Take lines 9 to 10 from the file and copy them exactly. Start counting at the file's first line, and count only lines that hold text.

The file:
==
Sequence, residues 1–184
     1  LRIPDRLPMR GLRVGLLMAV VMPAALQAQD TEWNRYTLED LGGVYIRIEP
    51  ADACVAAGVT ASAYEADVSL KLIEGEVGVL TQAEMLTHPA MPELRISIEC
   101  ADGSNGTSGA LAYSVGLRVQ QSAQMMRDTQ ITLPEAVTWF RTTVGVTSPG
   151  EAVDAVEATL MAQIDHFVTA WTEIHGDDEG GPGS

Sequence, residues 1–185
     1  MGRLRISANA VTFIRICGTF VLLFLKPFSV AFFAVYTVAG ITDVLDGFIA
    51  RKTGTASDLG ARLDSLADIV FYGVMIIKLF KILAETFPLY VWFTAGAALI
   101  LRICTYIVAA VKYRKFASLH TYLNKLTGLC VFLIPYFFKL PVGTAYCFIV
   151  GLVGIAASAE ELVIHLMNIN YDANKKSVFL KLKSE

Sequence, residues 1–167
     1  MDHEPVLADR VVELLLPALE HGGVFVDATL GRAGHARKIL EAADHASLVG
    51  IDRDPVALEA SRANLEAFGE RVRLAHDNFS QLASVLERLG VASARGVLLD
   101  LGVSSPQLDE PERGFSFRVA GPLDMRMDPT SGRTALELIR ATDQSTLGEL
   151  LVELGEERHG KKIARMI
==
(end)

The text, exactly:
   101  LRICTYIVAA VKYRKFASLH TYLNKLTGLC VFLIPYFFKL PVGTAYCFIV
   151  GLVGIAASAE ELVIHLMNIN YDANKKSVFL KLKSE